vector data, be prepared to re-engineer your queries a bit so that
they hit indexes. For instance, the following two queries return the same
results, however one does not use the index, but the other does.
A query that takes 500ms, and does not use indexes:
SELECT r1.id FROM recipes r0, recipes r1 WHERE r0.id = 142508 AND r1.id != r0.id ORDER BY r0.embedding <-> r1.embedding LIMIT 1;
A query that takes 5ms, and does use indexes:
SELECT r1.id FROM recipes r1 WHERE id != 142508 ORDER BY r1.embedding <-> (SELECT embedding FROM recipes WHERE id = 142508) LIMIT 1;
Both of these queries return exactly one result, and the same result. Without indexes, both have nearly identical performance, yet they have a different EXPLAIN query path.
Be ready to adjust the queries you are writing so that the optimizer executes
them differently. To understand query execution with vector data, get familiar
EXPLAIN, this is the type of line you are looking for that
signifies you are using the index for your query:
-> Index Scan using recipes_embedding_idx on recipes r1 (cost=204.38..11300.37 rows=99999 width=12)
If queries do not use an existing index, refactor your query. Or, the index’s list size may not be large enough. Read about that below.
Choosing a list size for your index
pgvector docs, it recommends that your list size equal
# of rows / 1000. But, what are the trade-offs? Below is a chart from real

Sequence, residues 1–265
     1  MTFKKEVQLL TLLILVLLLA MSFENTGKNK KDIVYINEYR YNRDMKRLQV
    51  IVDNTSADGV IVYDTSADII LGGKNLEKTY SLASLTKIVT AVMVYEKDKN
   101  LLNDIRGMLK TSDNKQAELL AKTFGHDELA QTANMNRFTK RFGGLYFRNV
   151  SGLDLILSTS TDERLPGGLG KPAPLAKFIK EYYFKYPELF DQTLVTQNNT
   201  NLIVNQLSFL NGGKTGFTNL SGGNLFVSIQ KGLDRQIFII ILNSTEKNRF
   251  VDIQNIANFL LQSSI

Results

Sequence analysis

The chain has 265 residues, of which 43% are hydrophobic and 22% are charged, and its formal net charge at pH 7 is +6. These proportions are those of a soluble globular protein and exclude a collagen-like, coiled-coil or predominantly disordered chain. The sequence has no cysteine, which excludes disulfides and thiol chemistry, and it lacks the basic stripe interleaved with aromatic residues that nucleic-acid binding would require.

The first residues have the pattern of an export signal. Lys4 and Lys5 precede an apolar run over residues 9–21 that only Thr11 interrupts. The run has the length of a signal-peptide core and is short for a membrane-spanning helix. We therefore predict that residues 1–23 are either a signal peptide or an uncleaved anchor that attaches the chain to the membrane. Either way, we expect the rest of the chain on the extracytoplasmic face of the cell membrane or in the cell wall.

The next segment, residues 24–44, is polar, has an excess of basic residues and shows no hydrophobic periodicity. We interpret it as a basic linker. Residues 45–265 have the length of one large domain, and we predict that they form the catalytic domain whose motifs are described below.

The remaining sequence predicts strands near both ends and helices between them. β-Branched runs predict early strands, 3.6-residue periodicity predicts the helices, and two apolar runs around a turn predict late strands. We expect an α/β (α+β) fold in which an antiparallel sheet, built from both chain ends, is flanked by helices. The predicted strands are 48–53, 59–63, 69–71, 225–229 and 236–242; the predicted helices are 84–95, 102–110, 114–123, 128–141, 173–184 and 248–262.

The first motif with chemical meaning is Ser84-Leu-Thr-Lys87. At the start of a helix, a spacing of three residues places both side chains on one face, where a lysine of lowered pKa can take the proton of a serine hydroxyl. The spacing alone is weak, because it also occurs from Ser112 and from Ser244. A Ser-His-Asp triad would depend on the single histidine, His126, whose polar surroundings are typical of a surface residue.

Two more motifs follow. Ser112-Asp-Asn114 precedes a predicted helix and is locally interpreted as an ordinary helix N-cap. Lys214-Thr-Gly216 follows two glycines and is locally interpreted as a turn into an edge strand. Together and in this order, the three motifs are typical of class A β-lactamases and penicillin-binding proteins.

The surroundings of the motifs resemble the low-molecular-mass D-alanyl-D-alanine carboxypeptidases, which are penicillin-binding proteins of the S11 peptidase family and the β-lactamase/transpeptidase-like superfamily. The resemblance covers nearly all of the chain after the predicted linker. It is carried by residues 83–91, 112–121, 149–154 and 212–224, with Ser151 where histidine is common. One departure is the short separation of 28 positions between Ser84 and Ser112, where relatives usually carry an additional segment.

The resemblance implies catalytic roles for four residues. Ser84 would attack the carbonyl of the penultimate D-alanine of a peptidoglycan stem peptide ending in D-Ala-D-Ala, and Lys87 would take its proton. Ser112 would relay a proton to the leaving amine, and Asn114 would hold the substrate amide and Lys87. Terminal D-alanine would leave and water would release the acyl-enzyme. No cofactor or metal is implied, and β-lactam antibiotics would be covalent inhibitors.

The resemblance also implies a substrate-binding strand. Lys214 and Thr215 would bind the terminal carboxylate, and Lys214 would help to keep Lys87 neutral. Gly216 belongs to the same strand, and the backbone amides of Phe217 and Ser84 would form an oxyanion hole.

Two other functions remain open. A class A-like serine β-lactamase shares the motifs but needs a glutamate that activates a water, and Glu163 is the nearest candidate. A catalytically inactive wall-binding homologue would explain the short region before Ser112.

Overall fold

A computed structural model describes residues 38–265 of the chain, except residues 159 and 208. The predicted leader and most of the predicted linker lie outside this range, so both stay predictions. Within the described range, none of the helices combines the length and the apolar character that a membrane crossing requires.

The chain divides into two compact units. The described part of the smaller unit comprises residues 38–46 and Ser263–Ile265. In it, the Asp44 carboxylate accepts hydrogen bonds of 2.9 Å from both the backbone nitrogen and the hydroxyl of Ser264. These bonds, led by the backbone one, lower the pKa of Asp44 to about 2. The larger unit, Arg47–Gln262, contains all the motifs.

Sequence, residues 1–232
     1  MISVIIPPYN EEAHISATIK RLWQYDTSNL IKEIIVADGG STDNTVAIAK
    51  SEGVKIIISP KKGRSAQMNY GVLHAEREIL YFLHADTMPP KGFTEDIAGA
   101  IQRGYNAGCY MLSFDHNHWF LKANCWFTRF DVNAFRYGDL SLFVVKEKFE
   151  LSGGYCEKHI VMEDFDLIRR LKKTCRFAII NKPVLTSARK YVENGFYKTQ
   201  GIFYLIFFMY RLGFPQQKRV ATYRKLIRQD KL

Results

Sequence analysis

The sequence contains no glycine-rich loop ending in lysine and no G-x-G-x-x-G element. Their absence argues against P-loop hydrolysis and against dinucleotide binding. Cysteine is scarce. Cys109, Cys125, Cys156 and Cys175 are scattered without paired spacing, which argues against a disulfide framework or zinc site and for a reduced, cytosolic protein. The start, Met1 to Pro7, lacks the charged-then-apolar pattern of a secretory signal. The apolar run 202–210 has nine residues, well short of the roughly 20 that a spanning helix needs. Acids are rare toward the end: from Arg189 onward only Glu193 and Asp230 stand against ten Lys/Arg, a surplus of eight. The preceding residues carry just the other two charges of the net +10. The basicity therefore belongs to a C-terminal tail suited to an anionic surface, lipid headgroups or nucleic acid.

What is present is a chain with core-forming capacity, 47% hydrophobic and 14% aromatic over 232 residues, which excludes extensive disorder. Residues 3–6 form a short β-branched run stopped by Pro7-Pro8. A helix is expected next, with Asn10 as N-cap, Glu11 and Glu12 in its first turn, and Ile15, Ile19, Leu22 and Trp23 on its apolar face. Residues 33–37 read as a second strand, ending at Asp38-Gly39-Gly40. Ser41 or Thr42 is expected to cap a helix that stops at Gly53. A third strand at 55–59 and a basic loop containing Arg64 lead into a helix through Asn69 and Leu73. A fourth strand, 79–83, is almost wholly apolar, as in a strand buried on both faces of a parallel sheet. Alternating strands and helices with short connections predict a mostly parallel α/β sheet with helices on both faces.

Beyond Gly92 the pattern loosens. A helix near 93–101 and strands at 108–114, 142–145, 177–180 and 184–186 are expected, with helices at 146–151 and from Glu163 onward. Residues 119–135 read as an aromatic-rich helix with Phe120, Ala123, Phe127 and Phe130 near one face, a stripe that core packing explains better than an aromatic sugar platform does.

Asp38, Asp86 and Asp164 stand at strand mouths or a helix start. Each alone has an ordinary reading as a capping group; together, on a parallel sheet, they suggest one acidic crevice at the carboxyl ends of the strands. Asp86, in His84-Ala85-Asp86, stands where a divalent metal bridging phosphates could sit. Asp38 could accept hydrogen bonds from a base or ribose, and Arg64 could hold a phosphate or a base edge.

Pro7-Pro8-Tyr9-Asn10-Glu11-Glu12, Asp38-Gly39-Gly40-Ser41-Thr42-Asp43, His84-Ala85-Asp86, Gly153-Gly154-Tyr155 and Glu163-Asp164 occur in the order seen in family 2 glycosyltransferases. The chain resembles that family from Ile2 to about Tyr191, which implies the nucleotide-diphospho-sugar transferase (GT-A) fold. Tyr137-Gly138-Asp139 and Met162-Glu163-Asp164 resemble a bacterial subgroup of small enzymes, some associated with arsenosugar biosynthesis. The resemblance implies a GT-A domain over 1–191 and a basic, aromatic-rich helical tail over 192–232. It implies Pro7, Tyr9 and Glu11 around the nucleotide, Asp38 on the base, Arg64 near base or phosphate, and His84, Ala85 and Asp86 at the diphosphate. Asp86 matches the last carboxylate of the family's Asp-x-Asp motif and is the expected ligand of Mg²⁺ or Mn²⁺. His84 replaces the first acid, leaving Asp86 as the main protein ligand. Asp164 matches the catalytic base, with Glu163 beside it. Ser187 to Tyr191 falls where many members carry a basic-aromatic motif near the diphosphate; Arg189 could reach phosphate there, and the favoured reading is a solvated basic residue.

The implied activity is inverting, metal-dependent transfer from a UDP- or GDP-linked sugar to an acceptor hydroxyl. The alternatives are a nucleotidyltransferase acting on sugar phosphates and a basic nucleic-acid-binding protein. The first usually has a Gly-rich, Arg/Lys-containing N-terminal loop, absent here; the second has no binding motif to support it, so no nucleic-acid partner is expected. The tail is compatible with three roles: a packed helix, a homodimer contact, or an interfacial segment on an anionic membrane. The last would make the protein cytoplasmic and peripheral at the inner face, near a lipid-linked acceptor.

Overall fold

nearest neighbor queries on different settings:
So, what does this mean? For the dataset that we were experimenting with and the query we were running, the best list size to performance trade off was about lists = 500. When lists = 500, the index build took 28 seconds, and the queries took 5 ms. When using lists = 500 versus lists = 250, the query ran 5x faster.
If 500 is good, then 2000 is better, right? Wrong! When we set lists = 2000, queries continued to range from 5ms to 6ms, but the build time took 3 minutes. Additionally, because vector indexes are approximations that use lists, larger list sizes are more likely to give the a different answer. For this scenario, by using lists = 500, we balance out the performance needs of the database.
Once the list size is too small for your data, the query optimizer will no longer use indexes. The dotted line between lists = 62 and lists = 125 is the when the database quits using the indexes.